I agree with the NYT article. What is the point of learning Algebra or making kids read Dante’s Inferno? Our schools are full of either conservative, stale thinking that bores students to death or overly sympathetic thinking that sees building self-esteem and student-directed learning as the goals. Students are failed by educators with few fresh and intelligent ideas imho.

Comment by Jim — July 31, 2012 @ 11:40 am

Diana,

I am disappointed you have not read my book. I addressed a number of the issues you raised above. If you’d like, I’ll send you a copy. It is but, Common Sense.

Comment by Paul Hoss — July 31, 2012 @ 1:20 pm

I saw Hacker’s column as the race to the bottom mentality that if some concept or coursework is not equally accessible to all students, it needs to be disallowed. That anything else is to deny equal opportunity to credentials.

It reminded me of the Lumina Foundation’s work on a Diploma Qualifications Profile for higher ed as well as AACU’s inclusion project. Bringing that down into K-12, which the UDL mandates seem to do, is a prescription for hardly anyone to know anything unless it is coming from home.

The ultimate fostering of inequity.

Comment by StudentofHistory — July 31, 2012 @ 2:17 pm

While we’ve all gotten caught up in The Perfect PK-12 Curriculum discussion (as though, apparently, once such schools begin preparing STEM-proven graduates, the sci-tech sector will be pouncing on 18-year-olds for their entry-level positions), I’m afraid we may have forgotten what institutional competencies proven math achievers demonstrate. Take the content out of it altogether, and here’s what we have proof such kids can do:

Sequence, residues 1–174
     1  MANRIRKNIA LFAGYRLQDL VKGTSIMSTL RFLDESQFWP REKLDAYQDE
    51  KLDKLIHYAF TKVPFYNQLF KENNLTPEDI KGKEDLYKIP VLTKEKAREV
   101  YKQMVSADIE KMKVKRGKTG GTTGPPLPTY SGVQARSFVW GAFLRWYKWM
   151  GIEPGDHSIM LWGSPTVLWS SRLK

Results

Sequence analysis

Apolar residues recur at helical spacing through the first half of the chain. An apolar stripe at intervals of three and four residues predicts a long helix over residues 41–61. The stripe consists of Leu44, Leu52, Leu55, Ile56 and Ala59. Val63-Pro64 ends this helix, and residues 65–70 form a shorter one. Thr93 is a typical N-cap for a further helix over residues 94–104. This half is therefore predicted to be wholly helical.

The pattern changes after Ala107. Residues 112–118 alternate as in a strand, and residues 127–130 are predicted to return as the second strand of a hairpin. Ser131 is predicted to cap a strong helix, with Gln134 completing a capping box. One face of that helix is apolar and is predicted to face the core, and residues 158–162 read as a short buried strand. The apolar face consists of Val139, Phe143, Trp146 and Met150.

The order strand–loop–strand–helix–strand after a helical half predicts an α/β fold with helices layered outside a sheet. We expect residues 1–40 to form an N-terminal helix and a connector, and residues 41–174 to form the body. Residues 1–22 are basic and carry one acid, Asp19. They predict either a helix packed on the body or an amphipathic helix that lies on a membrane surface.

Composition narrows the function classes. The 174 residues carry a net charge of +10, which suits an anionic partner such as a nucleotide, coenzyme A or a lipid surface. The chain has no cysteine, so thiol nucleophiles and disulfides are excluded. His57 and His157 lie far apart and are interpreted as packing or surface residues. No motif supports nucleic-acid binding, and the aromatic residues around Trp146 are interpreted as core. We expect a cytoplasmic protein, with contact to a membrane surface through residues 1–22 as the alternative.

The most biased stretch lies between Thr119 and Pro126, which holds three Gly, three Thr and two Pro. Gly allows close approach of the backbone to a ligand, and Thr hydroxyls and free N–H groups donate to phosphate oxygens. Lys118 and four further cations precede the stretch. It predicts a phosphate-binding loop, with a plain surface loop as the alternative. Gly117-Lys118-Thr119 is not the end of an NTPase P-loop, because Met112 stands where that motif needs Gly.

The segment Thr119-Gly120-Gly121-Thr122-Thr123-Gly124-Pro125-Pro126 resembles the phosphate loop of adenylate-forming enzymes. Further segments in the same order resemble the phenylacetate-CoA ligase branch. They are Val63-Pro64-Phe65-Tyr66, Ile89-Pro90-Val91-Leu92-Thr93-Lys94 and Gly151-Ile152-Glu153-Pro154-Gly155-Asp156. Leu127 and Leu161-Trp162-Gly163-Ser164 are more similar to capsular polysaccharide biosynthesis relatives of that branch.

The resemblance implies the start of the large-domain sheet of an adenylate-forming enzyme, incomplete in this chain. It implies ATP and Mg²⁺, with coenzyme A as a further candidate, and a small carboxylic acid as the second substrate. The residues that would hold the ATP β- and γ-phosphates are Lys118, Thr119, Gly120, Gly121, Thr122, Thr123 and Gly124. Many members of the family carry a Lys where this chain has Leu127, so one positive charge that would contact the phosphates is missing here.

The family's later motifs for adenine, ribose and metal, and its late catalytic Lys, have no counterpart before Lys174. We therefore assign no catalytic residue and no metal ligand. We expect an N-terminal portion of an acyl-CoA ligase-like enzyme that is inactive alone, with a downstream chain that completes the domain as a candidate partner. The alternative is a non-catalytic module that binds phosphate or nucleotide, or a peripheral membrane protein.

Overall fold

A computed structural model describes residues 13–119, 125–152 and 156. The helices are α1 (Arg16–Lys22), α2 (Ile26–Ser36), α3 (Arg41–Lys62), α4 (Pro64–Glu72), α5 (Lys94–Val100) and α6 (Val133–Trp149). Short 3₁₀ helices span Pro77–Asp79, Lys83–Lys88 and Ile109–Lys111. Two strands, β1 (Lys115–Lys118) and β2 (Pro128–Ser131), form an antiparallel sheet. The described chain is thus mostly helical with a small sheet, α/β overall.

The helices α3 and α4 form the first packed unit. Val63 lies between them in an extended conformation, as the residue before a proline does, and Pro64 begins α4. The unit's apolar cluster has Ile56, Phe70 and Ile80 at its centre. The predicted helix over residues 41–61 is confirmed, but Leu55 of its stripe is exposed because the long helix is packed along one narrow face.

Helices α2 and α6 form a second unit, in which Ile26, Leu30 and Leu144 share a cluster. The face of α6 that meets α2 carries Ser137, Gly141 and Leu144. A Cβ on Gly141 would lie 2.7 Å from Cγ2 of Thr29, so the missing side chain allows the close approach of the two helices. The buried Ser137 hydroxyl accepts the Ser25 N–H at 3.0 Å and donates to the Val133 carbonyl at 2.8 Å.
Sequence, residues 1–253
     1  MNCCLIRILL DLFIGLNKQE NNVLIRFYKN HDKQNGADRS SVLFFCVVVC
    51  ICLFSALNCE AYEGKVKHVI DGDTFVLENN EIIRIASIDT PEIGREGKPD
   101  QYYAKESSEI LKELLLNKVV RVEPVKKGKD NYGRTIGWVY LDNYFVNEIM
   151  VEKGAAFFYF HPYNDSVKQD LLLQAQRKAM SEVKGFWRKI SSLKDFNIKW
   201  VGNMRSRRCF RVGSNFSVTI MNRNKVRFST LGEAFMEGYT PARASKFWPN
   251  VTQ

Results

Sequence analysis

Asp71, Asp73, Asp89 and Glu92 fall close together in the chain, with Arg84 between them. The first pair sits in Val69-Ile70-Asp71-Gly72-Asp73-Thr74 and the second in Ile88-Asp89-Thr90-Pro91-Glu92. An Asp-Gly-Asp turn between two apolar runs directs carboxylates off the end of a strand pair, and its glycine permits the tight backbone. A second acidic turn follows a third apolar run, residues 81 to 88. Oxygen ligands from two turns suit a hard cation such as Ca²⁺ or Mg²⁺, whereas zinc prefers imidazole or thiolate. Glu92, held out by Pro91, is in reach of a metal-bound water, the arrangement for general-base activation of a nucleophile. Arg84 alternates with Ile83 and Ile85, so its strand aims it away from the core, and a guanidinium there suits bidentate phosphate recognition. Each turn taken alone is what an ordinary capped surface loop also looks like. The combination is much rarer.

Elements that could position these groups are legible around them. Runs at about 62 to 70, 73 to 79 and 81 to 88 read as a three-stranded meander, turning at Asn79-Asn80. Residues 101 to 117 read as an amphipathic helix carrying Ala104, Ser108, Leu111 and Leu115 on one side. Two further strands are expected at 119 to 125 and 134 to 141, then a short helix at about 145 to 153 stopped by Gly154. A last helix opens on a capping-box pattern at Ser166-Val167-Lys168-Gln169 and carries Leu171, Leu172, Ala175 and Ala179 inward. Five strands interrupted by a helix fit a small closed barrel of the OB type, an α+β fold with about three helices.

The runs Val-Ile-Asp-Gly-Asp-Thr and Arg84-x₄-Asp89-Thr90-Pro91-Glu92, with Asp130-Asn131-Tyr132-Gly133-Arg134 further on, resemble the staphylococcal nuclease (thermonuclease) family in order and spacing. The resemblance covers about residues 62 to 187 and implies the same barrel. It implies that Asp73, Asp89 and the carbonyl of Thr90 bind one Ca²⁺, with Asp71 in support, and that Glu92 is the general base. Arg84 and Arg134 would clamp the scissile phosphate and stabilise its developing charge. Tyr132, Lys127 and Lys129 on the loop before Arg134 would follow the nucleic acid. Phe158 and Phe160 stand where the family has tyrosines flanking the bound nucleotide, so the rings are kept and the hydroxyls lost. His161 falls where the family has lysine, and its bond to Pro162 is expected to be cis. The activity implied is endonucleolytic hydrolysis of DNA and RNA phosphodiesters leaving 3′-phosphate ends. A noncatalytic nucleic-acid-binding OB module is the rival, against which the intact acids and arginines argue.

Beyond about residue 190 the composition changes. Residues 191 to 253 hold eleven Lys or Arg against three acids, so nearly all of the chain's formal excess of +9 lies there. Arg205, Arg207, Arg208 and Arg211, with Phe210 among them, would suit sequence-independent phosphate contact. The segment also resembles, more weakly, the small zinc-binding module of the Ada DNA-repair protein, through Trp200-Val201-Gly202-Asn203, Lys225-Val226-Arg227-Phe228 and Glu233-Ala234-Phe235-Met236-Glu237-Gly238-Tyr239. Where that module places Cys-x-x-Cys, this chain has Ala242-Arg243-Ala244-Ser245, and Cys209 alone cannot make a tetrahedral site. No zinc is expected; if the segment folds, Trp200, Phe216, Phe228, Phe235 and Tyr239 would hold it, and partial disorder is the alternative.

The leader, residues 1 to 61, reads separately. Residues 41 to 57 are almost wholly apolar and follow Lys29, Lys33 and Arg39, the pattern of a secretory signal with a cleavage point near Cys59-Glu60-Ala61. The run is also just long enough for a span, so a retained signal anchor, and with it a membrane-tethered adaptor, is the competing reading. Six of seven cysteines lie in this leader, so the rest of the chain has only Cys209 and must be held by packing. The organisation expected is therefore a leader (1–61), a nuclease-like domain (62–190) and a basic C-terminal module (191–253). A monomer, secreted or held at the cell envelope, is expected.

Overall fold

1. Understand, recall, and employ (not to mention have an appreciation for the value of) smaller, more fundamental procedures automatically on the way to achieving solutions to complex problems.

2. See even the most time- and frustration-intensive problems through to completion. (And, when they can’t complete them, seeking experts for assistance, usually outside the ‘work day’, in-class time.)

3. Put aside their own interests and questions of ‘Why should I DO this?!’ or ‘What is this even FOR?!’ so they can work through numbers 1 and 2.

Though I can’t speak for everyone’s collegiate, professional, or spousal/parental/tax-payerly experiences, I know that mine all regularly expect me to do numbers 1, 2, and 3. And as a hiring manager I might actually be more concerned about a candidate’s dependability relative to 1, 2, and 3 than I their level of expertise, as I know I’ll likely have to do some re-training & -installation there anyway.

So yes, ‘totem’ (per Hacker) or not in light of how it’s actually used in practice, my belief is that level of proficiency in math indicates a number of institutional qualities that predict success at a number of tasks.

I often bring this up to educators when talking about math issues in their buildings, especially when they wonder why Algebra II gets so much importance as an academic benchmark, especially when, ‘Hey, I’m a successful, happy adult, and I’ve never used that stuff once!’ First, I remind them about NCES/Adelman’s study ‘Answers in the Toolbox’, which, based on a very well-done longitudinal look, showed how a student’s level of academic intensity is the single best predictor of college success (or not). That, I explain, likely set the bar. What it means, though, is not as simple as ‘content in-success out’. When they question that, I ask them to think of the kids they know at their school who are in Algebra II or higher. Once pictured, I ask, ‘Do you think they’ll someday graduate from college?’ [Answer almost invariably yes.] ‘Why? What is it about them that makes them college-ready?’ The list that then follows has nothing to do with that student’s math proficiency, as I’m sure everyone reading can imagine.